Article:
|360° panorama from Mount Hotham (scroll page right to see the entire picture)|
Route: Victoria Falls Camping Area, Dinner Plain, Mount Hotham, Harrietville.
The day begins with a long steep climb from the Victoria River to the alpine plateau. Once the plateau is reached, the gradient is gently uphill with a couple of exceptions (Slippery Pinch and Mt Hotham). There are reasonable views much of the way (marred for my trip by recent bushfires). After 23km Dinner Plain, a ski resort, is reached. It has a small general store (including a post office and café) which is open 364 days a year. At the entrance of the village there is also an indoor rest area if one needs relief from the wind or cold.
|Dinner Plain alpine village|
Twelve kilometres from Dinner Plain is the Mount Hotham alpine resort. The road winds around the main mountain ridge, offering spectacular views. The village has a supermarket (open daily) and various dining facilities. After the village, the Great Alpine Road continues to climb up the mountain and snakes underneath the summit. A detour to the summit up the dirt track will be greeted with stunning 360 degree views: Razorback, Mt Feathertop, Bogong High Plains, Mt Bogong, Mt Buffalo, Mt Buller and the ranges to the south are all visible on a clear day due to Hotham's height (1862m) and centrality in the Victorian Alps.
|The summit of Mount Hotham|
While the climb from Dinner Plains to Mt Hotham is a gentle affair, the descent from the peak to Harrietville is a thrilling ride. The road is cunningly perched on the apex of a knife-edge ridge, and the country side falls away beneath you. Over the next 20km, 1200m of altitude is lost. Make sure that your breaks are well-adjusted, wear warm clothes and beware of cars cutting corners from the opposing direction.
|Looking back at Mt Hotham on the Great Alpine Road|
Harrietville is a peaceful village nestled in the Ovens River Valley. It has a general store (open till 6pm on weekdays; closed on Sundays), pubs, bistros and a take-away food store. The caravan park is situated on the west branch of the Ovens River, which is really a large fast flowing creek it this point. In December 2005 I was charged $8 for one unpowered site and took a welcome shower after two nights of wild camping.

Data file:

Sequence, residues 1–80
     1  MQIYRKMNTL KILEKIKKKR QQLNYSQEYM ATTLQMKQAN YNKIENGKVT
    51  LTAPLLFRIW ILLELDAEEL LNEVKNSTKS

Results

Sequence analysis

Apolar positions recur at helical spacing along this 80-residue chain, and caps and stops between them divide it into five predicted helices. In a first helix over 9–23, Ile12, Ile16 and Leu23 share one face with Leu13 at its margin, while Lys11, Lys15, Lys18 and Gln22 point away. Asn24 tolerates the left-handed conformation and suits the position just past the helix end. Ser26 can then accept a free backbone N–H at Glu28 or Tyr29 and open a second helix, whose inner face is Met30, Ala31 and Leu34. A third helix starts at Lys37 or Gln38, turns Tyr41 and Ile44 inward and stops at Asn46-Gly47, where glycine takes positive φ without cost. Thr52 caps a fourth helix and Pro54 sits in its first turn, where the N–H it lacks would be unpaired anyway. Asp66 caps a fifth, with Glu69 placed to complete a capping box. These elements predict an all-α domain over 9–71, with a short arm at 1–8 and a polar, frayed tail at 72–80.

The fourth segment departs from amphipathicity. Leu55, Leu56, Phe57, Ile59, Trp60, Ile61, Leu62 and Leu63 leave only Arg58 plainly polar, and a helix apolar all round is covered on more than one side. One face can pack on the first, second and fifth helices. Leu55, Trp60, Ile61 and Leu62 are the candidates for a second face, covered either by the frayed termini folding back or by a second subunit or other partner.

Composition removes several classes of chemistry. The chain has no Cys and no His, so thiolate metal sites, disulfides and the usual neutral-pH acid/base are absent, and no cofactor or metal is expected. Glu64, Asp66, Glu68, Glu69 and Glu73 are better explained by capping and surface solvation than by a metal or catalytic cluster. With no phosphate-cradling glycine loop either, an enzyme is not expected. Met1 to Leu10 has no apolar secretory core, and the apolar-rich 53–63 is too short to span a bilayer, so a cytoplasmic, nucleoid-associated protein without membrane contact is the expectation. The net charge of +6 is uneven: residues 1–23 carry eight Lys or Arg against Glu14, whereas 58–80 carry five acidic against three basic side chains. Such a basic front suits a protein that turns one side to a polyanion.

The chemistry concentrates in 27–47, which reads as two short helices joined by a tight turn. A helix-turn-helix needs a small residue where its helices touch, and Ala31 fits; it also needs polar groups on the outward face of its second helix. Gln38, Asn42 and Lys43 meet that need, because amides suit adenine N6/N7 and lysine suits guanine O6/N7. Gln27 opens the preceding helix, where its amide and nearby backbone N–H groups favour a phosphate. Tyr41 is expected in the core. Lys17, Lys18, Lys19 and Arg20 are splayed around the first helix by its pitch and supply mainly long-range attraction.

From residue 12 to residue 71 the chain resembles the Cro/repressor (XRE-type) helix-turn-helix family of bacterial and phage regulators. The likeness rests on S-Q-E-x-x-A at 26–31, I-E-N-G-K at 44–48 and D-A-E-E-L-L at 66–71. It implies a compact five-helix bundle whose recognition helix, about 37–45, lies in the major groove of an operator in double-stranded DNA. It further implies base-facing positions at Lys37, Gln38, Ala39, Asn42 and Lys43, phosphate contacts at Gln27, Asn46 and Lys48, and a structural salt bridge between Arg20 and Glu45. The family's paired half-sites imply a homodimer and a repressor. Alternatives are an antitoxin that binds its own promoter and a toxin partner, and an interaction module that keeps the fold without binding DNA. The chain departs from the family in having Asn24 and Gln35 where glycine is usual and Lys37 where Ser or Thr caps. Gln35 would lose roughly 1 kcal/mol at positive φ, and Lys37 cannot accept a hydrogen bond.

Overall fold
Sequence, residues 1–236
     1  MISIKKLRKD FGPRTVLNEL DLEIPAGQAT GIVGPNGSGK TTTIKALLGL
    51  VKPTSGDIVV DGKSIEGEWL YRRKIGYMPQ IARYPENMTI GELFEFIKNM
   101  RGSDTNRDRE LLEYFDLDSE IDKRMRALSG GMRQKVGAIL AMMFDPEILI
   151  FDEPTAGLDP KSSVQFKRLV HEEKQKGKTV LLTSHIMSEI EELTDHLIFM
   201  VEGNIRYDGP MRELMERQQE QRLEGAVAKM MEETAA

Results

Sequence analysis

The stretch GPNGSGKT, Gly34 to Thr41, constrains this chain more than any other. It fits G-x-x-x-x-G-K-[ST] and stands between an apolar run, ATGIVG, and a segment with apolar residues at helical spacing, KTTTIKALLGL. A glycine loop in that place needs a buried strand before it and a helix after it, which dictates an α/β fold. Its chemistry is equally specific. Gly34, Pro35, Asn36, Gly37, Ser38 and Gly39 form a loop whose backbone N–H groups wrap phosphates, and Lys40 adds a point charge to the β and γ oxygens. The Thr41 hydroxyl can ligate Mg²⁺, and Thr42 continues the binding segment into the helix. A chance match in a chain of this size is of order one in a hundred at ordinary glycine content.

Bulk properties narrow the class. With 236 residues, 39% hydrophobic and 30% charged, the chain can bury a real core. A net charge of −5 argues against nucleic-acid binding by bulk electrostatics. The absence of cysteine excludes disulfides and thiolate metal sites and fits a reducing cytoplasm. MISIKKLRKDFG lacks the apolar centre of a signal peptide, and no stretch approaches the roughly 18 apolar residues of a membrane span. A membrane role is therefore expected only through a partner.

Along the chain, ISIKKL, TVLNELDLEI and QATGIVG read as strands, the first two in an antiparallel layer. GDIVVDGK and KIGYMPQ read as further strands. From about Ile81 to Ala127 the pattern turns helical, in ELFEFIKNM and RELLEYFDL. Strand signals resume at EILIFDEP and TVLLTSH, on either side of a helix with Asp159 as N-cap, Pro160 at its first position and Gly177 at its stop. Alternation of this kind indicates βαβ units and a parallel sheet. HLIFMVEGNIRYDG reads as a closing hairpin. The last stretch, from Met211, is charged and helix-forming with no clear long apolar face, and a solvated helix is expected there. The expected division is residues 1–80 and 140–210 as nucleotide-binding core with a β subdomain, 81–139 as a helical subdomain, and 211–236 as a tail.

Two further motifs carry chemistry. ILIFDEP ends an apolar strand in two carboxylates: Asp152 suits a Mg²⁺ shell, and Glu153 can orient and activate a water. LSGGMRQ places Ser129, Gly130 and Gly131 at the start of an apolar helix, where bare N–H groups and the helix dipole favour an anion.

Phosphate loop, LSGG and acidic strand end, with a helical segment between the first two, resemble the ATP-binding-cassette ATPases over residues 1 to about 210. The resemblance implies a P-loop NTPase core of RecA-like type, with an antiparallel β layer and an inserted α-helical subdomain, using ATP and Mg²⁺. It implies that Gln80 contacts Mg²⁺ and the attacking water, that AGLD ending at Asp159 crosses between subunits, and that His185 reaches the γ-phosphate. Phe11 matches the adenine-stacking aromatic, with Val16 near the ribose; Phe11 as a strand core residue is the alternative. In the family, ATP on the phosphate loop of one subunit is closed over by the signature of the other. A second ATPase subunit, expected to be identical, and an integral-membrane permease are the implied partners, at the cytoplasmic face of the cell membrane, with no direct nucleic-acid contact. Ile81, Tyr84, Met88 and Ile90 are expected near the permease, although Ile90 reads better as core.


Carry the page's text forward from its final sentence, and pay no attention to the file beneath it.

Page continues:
For those who want to push further after Harrietville, it is another 20km to Bright, which is a larger town, has more tourist attractions and plenty of accommodation. Between Bright and Harrietville there are also options for wild camping. (For example, there is a potential site after Smoko and just before the Freeburgh sign by the Ovens River, though it is a little close to the highway. There are better camping options after Freeburgh in the state forest, where Old Harrietville Road can be used for river access to collect water.)
Staying two nights at Harrietville offers the possibility of doing a long day walk (Harrietville - Mt Feathertop - Razorback Trail - Mt Hotham - Harrietville, with shorter variations possible). At 1922m above sea level, Mount Feathertop is Victoria second highest mountain. Walkers should be adequately equipped to deal with all weather conditions.
|Foreground: slopes of Mt Hotham; Midground: The Razorback; Background: Mt Feathertop|
Harrietville is in the valley to the left of The Razorback
Alternatively, one may chose to stay at Bright (300m above sea level) and cycle to the top of Mount Buffalo (1723m above seal level) the next day, continuing the tour the day following.
© 2008 Robert Taggart. Last updated 20 November 2008.